Careful Putting Your Best Foot Forward: Alberta Court of Appeal Eases Access to Summary Dismissal

Posted in Case Comments, Civil Litigation, Contracts
Timothy Froese

The Alberta Court of Appeal strengthened the post-Hryniak judicial trend in favour of the summary disposition of litigation without trial by upholding the decision of a chambers judge to grant summary dismissal without strict adherence to the applicable Rules of Court.  In Pyrrha Design Inc v Plum and Posey Inc, 2016 ABCA 12, the plaintiff applied for summary judgment but failed to make its case. It saw not just its application, but its entire claim, dismissed, even though the defendant had not brought a cross-application for summary dismissal. Continue Reading

Dunkin’ Donuts: The Supreme Court of Canada puts an end to the saga

Posted in Case Comments, Civil Litigation, Franchise and Distribution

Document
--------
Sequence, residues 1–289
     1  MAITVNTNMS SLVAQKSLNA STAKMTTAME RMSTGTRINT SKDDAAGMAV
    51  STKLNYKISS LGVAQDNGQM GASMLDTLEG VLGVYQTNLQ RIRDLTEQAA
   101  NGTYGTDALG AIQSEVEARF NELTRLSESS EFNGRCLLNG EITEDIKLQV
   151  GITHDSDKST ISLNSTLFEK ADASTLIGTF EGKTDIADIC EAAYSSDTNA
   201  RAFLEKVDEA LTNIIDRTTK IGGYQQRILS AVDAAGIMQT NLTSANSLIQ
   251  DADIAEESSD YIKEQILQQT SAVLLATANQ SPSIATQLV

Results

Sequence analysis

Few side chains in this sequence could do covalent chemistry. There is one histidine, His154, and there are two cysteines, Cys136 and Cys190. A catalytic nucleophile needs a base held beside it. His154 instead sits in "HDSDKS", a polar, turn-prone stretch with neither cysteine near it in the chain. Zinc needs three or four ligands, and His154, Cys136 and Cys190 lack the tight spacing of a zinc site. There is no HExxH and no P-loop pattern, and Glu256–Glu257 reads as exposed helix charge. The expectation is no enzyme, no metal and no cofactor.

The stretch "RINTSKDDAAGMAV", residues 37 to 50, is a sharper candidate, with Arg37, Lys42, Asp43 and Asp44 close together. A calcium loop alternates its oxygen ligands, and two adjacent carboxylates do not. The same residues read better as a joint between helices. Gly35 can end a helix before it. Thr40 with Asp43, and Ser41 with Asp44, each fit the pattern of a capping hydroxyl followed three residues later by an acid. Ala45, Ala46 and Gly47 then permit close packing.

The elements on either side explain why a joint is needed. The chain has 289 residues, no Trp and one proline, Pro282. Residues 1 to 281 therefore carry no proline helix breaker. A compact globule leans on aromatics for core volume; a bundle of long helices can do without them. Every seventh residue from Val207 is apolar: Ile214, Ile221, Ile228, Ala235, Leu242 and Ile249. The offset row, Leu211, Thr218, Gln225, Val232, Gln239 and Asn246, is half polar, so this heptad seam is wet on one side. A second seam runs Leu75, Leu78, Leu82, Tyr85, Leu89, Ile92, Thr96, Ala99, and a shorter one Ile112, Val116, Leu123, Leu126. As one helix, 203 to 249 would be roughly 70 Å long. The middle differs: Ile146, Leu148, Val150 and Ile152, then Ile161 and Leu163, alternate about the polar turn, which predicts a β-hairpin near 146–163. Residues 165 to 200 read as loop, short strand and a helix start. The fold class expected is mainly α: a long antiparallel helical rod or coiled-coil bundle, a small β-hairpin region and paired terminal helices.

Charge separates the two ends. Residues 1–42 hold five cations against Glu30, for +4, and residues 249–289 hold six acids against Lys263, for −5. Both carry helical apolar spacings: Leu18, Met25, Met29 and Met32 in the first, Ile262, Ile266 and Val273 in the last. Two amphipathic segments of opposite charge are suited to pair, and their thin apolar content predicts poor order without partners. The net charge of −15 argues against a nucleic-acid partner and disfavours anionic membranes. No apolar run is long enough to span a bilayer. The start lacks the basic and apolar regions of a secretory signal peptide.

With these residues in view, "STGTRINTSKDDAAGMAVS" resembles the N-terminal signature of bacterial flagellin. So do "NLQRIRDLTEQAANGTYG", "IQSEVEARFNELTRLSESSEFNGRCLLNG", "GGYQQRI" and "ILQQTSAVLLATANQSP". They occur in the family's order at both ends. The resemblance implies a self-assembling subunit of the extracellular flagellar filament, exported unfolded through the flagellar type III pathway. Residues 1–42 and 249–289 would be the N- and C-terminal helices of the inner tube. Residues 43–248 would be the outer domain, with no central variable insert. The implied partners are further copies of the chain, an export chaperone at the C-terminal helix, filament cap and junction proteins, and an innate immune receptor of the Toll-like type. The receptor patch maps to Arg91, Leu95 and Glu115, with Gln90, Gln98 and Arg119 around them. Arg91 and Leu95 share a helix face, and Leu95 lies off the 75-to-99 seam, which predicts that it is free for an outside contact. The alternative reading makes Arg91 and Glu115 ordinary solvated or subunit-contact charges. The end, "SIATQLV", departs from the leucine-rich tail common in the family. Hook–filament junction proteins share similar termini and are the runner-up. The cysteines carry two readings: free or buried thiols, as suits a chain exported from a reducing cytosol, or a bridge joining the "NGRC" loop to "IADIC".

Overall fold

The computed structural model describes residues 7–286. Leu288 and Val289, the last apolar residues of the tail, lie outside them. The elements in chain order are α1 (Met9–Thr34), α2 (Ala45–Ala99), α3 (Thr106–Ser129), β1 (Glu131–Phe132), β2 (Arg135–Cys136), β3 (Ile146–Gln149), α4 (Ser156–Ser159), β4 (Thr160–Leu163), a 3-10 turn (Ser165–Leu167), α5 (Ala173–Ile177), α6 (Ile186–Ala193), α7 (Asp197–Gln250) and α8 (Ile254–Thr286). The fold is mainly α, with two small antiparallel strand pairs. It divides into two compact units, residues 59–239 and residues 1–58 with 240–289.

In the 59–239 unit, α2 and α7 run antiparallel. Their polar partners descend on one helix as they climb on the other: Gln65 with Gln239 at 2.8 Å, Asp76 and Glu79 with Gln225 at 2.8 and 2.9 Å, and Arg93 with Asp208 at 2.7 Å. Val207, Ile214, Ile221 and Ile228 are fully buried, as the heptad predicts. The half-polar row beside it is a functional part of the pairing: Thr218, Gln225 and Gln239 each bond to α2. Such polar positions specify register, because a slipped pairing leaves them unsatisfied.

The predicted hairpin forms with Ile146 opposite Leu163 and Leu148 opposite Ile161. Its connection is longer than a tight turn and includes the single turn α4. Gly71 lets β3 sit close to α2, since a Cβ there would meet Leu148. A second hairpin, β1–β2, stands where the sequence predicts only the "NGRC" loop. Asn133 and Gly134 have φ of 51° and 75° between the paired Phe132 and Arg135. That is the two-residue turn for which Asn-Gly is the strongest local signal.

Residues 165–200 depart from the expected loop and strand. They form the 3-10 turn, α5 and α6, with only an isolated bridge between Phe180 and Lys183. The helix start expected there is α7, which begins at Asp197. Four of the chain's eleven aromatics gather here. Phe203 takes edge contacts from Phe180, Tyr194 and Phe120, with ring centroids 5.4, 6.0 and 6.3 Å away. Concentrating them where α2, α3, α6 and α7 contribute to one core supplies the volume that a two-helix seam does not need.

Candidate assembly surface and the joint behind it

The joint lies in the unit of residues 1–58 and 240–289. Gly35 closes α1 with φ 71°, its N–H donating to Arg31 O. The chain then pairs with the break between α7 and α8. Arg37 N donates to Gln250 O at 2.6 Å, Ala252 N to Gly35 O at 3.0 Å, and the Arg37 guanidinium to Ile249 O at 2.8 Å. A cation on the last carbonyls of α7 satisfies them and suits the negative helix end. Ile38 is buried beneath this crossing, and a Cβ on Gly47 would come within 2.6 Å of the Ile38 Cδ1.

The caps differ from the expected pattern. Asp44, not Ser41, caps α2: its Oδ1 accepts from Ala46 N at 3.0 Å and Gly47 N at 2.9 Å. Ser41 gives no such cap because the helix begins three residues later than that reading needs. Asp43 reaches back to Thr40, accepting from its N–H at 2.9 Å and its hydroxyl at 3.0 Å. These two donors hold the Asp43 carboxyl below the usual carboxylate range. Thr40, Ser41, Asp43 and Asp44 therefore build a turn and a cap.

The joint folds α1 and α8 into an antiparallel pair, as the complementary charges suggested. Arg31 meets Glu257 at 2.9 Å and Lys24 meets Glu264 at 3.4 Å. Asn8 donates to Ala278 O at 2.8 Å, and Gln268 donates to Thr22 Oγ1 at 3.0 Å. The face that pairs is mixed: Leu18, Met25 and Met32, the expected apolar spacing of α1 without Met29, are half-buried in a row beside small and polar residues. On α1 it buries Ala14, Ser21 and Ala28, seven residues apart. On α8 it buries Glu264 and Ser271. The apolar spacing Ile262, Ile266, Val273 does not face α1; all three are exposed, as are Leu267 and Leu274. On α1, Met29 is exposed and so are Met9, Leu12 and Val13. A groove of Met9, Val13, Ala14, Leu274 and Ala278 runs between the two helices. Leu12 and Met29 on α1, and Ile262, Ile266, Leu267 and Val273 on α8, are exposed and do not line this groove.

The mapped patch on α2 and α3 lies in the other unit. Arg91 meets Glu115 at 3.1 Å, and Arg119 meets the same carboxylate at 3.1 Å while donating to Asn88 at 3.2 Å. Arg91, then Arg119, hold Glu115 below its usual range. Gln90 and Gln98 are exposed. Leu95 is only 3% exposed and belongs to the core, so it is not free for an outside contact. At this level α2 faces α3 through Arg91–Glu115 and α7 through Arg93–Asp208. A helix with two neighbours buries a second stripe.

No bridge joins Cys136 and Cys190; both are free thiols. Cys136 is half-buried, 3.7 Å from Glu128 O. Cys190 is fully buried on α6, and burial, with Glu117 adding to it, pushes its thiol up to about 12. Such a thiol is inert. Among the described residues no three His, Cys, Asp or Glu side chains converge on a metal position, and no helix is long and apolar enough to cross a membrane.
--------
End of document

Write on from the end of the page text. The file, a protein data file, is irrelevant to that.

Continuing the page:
Adam ShipAnne-Marie NaudHelen Fotinos

A recent article published on McCarthy Tétrault LLP’s Consumer and Retail Advisor blog may be of interest to readers of the Canadian Appeals Monitor blog. Adam Ship, Anne-Marie Naud and Helen Fotinos recently published an update to their previous discussion about the Québec Court of Appeal’s decision in Dunkin’ Brands Canada Ltd. c. Bertico inc., 2015 QCCA 624, in particular its finding of implied obligations in franchise agreements. The Supreme Court of Canada (SCC) just announced their dismissal of Dunkin’ Brands Canada Ltd.’s application for leave to appeal from the judgment of the Quebec Court of Appeal. Notably, in a very rare move, Côté J. dissented on the decision to deny the application for leave.

Cook or Get Out of the Kitchen: Legitimate Interest Required to Enforce a Restrictive Covenant

Posted in Case Comments, Civil Litigation, Franchise and Distribution
Shanique Lake

MEDIchair LP v DME Medeqip Inc., 2016 ONCA 168 is a case with important implications for all franchisors and franchisees. In the decision released on February 29, 2016, the Ontario Court of Appeal struck down a non-competition covenant because the franchisor had no intention of operating a competing business within the geographical area covered by the covenant.  Overturning the lower court decision, the Court of Appeal held that a legitimate proprietary interest is necessary to enforce a restrictive covenant. Continue Reading